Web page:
In K-12 education finding tools to teach 21st Century Skills can be expensive. There is buying the software, keeping up with minor updates, and the pressure of staying up-to-date every year or so when a new version is released. Even if you are able to obtain a computer lab with a site license of your favorite image manipulation software, what happens when students return home from school each day and do not have access to these tools?
A startup company has created Aviary.com. Aviary is an online suite of tools for artist and photo imaging enthusiasts. The Aviary Suite contains tools for editing images, screen capture, creating and editing vector images, creating visual image effects, image markups, color swatch editor, music creator, and audio editor. All of the tools are accessed via an online account. A gallery is also provided for users to proudly post their art for others to see. For educators this may not be ideal as students may stumble across images that may be considered to provocative or controversial for the classroom. This one reason why Aviary has an education version of its site.
Aviary Education (www.aviaryeducation.com) provides educators a safe environment to allow their students to freely create, edit and peruse other students’ digital art work.
• Create private student accounts
• Manage assignments and projects
• Use the image editor, vector editor, audio editor & music creator
• All content and images are 100% school safe”.
Currently Aviary Education is a free beta program that a teacher would have to request access to for her class to enjoy the the benefits it has to offer.
Recently the creators of Aviary have teamed up with Google to provide access to the aviary tools via your Google Login. Gmail users who use Google Docs to collaborate with peers and colleagues can take advantage of the image and audio editing tools, sharing their creations via Google Docs. Now students can work together on visual projects or audio mixes.
Schools who have signed up for Google Apps access can choose to have Aviary added to their Google Docs. The University of South Florida is one university that has provided access for its students to these tools. Aviary can be accessed by signing into your USF Mail account and clicking on the More link at the top.
The Aviary Tool Set (from http://www.aviary.com):
With the advancement of electronic devices gaming on these devices are increasing. There are many different types of games on different platforms and devices. There are games aimed at the casual gamer to games for the very serious gamer. Games vary in the continuum of collaboration from no collaboration in single player games to very collaborative games such as MMOs (massive multiplayer online) games, i.e. World of Warcraft. Gamers across the world spend/waste/invest (depending on your view) billions of hours weekly playing in the virtual worlds trying to solve a mission, complete a task, or WIN! These gamers enjoy playing the games so much that they do not even realize many times how much time is passed. And gamers all have the same goal: to be successful at the task.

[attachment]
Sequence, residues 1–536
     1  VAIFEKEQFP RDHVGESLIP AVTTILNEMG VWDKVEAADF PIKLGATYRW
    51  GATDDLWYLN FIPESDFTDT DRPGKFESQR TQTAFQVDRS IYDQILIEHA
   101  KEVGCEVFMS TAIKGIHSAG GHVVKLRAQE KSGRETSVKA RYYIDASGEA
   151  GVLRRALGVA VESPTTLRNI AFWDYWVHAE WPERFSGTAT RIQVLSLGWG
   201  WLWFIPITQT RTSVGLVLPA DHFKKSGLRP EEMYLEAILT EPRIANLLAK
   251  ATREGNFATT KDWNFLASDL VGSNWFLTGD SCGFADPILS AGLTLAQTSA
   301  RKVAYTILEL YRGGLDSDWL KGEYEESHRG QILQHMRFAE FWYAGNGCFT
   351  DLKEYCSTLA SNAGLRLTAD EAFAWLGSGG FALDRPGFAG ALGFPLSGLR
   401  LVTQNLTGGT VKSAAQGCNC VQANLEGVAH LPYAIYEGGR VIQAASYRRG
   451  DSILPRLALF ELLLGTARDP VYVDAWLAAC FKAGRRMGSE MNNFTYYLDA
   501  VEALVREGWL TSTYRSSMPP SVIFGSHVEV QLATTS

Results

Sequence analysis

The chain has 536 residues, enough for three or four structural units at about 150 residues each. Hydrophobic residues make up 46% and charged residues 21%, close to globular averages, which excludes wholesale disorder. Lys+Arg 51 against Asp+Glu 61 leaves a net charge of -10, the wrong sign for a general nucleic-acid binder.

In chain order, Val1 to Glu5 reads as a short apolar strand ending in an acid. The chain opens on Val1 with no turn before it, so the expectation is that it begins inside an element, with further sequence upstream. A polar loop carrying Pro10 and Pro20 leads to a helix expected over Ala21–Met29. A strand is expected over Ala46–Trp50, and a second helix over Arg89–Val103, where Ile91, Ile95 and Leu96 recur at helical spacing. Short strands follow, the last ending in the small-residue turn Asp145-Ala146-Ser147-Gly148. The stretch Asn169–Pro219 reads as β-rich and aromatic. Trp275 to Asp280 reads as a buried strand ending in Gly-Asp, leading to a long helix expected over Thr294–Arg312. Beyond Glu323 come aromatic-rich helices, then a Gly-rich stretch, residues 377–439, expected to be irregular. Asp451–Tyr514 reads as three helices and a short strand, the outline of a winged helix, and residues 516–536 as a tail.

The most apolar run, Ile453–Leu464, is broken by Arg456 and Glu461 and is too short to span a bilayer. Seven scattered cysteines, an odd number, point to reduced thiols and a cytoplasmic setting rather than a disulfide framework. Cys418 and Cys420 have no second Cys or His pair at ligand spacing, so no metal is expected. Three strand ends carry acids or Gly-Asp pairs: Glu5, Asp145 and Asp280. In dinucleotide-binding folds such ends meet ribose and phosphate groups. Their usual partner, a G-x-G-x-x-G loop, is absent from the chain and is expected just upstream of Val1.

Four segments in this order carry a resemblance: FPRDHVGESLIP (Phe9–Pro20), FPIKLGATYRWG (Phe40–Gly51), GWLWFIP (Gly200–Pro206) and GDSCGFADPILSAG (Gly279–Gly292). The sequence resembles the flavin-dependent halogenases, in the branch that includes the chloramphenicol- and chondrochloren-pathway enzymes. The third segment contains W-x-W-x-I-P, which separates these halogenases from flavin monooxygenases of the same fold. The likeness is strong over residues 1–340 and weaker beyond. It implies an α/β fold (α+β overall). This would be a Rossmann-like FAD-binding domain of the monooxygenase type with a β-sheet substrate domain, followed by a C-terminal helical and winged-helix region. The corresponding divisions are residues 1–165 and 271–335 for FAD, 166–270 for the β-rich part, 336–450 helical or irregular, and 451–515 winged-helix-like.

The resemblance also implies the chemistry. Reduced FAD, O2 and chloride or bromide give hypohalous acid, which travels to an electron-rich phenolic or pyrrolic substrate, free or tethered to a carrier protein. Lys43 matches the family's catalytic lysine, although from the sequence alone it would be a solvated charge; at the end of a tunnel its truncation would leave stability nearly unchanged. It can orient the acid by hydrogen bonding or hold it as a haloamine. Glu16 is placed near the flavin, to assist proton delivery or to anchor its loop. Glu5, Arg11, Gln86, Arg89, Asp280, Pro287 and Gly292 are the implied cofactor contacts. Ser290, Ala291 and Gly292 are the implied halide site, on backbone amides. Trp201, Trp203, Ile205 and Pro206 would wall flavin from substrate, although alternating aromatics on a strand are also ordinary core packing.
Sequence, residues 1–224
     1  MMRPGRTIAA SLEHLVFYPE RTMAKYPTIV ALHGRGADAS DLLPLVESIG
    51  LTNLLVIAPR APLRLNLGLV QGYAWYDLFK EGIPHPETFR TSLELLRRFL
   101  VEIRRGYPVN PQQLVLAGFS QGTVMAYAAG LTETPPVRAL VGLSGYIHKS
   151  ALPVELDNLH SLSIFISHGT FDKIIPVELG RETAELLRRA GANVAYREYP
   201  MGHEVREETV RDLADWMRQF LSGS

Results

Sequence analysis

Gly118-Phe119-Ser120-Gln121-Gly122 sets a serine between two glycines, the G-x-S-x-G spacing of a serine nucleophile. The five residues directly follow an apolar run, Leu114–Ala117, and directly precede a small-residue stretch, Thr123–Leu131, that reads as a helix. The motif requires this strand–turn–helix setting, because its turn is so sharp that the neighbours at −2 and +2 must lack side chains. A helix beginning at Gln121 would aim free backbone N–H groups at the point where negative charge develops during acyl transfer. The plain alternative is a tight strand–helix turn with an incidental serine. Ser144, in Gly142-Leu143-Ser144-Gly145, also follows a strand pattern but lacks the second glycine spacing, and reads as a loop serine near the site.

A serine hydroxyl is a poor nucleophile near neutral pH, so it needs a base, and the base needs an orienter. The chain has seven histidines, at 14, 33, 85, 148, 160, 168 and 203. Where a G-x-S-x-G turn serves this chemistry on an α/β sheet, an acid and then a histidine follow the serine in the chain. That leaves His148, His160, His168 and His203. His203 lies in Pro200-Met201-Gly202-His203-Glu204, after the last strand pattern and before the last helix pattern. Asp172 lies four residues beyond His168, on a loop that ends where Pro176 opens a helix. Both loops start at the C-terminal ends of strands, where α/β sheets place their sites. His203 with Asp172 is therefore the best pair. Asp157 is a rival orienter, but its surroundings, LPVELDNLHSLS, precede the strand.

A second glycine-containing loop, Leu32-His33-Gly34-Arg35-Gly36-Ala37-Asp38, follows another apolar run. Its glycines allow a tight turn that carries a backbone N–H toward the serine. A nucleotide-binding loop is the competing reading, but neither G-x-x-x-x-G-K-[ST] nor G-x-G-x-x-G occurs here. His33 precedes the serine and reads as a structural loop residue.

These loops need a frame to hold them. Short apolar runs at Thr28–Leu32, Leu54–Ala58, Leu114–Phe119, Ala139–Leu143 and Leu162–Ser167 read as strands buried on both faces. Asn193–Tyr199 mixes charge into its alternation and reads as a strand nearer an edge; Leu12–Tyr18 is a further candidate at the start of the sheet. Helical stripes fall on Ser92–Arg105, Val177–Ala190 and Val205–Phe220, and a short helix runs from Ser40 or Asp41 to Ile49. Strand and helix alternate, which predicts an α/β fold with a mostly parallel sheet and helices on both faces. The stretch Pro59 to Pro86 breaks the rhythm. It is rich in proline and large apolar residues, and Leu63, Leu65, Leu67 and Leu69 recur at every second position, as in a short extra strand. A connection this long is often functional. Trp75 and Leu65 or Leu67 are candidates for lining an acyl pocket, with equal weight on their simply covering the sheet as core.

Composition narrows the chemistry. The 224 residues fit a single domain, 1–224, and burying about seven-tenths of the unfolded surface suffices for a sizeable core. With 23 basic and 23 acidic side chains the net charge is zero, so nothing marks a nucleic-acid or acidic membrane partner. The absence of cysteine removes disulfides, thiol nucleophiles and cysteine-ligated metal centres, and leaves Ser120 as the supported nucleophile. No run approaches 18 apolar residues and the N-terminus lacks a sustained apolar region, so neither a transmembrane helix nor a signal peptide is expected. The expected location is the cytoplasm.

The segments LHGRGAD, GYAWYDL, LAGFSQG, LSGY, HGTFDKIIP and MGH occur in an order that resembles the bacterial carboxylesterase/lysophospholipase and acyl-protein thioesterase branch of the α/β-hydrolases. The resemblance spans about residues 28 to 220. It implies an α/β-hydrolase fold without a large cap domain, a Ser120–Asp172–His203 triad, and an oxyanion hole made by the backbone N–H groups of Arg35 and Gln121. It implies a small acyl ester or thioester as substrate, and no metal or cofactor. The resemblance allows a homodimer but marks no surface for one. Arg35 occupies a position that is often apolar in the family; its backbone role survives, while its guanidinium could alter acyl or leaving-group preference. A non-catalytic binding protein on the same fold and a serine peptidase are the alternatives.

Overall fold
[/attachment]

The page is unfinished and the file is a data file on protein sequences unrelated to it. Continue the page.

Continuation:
Recently on TED.com, Jane McGonigal (Twitter page), a game designer, recently presented a talk of how Gaming can make a better world. In it she talks about the emotions that gaming does and does NOT produce. She also wants to develop away to take the emotions real people have while seriously playing collaborative games and apply them to the real world. Her them seems to be: if the energy, emotion, and sticktuitiveness of gamers in the virtual world could be applied to real world, real life issues and events, then the world could be a better place. You can view the video below.
Now apply that to education. Ms. McGonigal points out in the video that the average gamer in a strong gaming culture will have logged 10,000 hours or more by the age of 21. She states that is approximately the amount of face time teachers will have with students from 5th grade till high school graduation in the United States. During that time frame adolescent gamers are spending almost the same amount of time playing video games. Imagine if educators could tap into that extra time.
The University of South Florida (USF) is trying to do just that. How can educators harness virtual worlds to educate the k-12 students? USF has created a website of lesson plans, resources, and case studies related to education and gaming platforms. You can find these resources on the USF website.
. The project is called Worlds of Education and it focuses on using virtual worlds to enhance or distribute education. The two gaming environments primarily used in the project are the World of Warcraft game by Blizzard and SecondLife. The website also has a small but growing resource of lesson plans grouped by subject area.
Should gaming be used in education?
Below is a list of free educational software that may benefit you in your classroom. It contains tools for audio, web conferencing, editing images, blogging, and other technology educational activities. This list was compiled by a staff member at the Florida Center for Instructional Technology at the University of South Florida.
The inspiration for this list came from this site